Austin singer-songwriter Colin Gilmore is building his reputation the old-fashioned way:
hard work and imagination. He and his new wife's idea of the perfect honeymoon was a
tour of Japan, where he played eight cities in 10 days, complete with a different backing
band at each gig. He has recently toured the west coast, played the Old Town Art Fair in
Chicago, and played an online interactive concert at Mike Nesmith's Videoranch. The
Flatlanders included Gilmore's song "The Way We Are" on their latest album Hills and
Valleys. It was the album's number one selling song on iTunes for three weeks.
Gilmore is now recording an album that is set to be released in early 2010, which Lloyd
Maines is co-producing. He recently toured with Alejandro Escovedo in the Pacific
Northwest and with the Flatlanders in California. He played to an enthusiastic crowd at
the Chicago Country Music Fest in October 2009.
Gilmore's self-described blend of "West Texas rock, with a
country/punk/psychedelic/pop edge," is also earning him a fan base – and airplay – in
California. He made more than 15,000 new fans at the Hardly Strictly Bluegrass Festival
in San Francisco. He shared the bill there and toured the country with another Texas
favorite: his father, Jimmie Dale Gilmore.
"I'm happy to be his son but I don't capitalize on his name" says Gilmore. "Fans won't
stick around for music that doesn't speak to them. You have to earn that on your own."
Gilmore was raised in the musically rich town of Lubbock, where he was influenced by
family friends Joe Ely, Butch Hancock, Terry Allen, the late Jesse Taylor and especially
his mother, Debbie Fields. You can hear Buddy Holly's impact (and that of other Texas
troubadours) in Gilmore's "Laughing Hard or Crying?" But that aforementioned edge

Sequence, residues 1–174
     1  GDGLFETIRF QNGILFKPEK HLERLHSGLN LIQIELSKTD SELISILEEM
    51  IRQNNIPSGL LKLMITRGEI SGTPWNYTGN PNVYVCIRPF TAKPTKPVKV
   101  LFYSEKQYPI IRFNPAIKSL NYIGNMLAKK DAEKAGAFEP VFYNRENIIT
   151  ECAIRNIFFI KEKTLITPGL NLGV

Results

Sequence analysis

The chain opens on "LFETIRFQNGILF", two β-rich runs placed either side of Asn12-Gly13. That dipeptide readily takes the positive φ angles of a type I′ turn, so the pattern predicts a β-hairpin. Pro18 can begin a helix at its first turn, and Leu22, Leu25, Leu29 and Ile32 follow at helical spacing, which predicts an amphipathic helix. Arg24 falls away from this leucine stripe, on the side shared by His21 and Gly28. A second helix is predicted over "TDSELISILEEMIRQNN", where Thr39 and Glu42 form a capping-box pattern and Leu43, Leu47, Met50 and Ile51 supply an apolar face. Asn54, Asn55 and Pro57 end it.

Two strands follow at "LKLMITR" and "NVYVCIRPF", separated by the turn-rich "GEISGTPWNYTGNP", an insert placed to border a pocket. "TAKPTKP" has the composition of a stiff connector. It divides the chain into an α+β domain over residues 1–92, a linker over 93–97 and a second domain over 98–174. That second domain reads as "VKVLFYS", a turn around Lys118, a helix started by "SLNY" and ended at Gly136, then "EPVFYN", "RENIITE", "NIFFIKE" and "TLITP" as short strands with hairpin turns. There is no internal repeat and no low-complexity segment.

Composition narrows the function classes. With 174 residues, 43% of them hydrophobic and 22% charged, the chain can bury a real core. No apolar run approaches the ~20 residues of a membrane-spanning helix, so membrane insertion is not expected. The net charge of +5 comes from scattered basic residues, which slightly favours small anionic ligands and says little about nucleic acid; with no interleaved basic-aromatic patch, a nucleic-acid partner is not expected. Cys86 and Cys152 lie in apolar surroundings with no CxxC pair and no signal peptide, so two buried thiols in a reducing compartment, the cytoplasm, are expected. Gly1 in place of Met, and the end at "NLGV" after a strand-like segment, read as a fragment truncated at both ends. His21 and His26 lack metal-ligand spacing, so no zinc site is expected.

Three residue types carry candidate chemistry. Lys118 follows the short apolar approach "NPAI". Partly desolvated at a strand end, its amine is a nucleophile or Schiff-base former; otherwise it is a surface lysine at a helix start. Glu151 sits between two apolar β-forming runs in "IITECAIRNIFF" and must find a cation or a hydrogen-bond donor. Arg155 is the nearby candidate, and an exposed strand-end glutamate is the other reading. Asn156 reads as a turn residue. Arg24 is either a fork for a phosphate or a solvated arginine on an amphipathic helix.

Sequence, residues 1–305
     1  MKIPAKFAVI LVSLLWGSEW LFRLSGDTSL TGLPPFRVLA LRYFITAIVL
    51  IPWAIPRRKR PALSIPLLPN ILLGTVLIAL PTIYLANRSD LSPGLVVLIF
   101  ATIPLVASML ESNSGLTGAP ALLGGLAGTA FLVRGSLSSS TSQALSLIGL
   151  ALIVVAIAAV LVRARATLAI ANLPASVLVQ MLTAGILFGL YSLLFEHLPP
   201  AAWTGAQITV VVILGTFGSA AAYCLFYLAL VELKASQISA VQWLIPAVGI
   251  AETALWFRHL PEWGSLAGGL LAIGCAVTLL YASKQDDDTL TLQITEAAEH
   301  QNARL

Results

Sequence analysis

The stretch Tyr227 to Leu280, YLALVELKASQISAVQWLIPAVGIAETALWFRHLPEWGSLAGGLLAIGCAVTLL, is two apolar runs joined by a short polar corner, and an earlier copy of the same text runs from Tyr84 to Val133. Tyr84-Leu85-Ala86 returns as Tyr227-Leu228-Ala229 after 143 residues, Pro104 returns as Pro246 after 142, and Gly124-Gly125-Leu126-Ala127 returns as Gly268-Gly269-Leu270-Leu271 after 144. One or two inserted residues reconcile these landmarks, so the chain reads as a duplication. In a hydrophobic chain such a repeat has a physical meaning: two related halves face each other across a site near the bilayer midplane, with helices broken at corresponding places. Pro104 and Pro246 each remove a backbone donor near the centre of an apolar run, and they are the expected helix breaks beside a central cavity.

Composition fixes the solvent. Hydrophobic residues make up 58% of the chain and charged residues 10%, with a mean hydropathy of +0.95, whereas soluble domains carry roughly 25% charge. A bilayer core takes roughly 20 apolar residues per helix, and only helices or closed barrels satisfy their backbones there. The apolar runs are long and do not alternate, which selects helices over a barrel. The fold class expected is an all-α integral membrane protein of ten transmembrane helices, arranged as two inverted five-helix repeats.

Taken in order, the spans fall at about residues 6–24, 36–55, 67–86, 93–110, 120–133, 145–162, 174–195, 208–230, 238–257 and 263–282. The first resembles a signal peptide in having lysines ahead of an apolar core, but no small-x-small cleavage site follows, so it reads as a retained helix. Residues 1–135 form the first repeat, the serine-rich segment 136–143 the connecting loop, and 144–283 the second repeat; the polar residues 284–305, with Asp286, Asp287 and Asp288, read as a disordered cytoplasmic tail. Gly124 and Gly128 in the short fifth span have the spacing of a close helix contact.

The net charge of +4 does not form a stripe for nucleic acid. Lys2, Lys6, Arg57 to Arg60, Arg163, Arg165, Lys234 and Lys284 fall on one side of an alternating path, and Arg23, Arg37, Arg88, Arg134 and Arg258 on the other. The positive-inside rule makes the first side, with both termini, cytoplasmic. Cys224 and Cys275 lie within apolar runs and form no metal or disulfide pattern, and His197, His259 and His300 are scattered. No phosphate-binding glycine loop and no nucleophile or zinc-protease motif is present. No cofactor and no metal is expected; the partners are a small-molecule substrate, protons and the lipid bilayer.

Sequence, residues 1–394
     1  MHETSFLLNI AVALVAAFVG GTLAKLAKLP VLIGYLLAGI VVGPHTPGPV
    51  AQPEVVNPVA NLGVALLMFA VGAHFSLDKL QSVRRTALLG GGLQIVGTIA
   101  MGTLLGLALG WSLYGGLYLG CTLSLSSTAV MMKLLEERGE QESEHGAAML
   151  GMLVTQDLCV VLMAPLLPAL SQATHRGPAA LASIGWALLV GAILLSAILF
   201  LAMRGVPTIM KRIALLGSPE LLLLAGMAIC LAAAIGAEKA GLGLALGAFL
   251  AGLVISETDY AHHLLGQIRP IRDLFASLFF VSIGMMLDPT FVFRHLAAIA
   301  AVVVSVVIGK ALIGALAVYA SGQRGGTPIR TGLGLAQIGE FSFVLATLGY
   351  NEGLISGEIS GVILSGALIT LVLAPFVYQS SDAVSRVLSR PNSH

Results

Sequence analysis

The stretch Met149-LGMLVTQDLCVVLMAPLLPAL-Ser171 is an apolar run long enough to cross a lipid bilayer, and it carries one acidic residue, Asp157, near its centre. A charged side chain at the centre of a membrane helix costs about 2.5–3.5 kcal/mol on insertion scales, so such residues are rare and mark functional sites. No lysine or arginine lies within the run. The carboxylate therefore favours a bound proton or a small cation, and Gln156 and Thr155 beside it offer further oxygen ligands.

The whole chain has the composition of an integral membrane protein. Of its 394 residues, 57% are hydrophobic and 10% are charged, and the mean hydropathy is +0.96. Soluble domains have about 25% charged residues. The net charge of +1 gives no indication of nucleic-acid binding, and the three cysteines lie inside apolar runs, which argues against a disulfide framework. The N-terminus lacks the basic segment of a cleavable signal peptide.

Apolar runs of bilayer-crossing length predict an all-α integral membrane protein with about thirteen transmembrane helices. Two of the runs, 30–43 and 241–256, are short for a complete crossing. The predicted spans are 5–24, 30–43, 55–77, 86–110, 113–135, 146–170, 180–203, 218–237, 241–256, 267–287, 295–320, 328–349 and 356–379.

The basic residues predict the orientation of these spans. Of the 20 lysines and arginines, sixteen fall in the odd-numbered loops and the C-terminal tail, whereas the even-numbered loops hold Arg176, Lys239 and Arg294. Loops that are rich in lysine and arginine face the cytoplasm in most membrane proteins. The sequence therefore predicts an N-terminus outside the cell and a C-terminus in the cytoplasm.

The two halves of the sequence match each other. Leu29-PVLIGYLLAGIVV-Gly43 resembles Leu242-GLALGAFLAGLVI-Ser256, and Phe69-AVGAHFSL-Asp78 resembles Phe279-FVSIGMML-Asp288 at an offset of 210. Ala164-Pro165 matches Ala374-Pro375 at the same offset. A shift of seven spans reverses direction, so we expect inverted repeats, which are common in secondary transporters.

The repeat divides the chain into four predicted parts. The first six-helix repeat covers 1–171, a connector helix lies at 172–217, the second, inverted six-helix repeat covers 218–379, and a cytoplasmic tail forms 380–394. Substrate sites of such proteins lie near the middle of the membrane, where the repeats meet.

was sharpened by other influences: the Clash, the Pogues, the Sex Pistols, Johnny Cash,
and Leonard Cohen.
A more recent influence is Bay Area producer Scott Mathews, an industry legend whose
resume includes the names Clapton, Jagger, Richards, Orbison, Costello, Hiatt, Santana,
Ramone, and Wilson. Gilmore sent Matthews his first recording, the EP Four of No Kind,
which led to the two co-writing and recording three songs. Both eagerly anticipate their
next collaboration. (Raves Matthews: "The world doesn't need yet another singer-
songwriter – it needs Colin Gilmore. In my world, he's the one.")
Gilmore has also co-written with Nashville's Jon Tiven, who produced B.B. King and has
written hits for Robert Cray and Buddy Guy. They wrote "Raindrops in July" in homage
to Gilmore's uncle Allen and Johnny Cash, who happened to die on the same day. Willie
Nelson's A&R rep thought it would be perfect for him. (Are you listening, Willie?)
"I'm not set on instant success," says Gilmore. "I'm in it for the long haul. I'm fortunate I
got to hear from a very early age what real, heartfelt, good music was."
Fortunately for us, Colin is now busy making his own.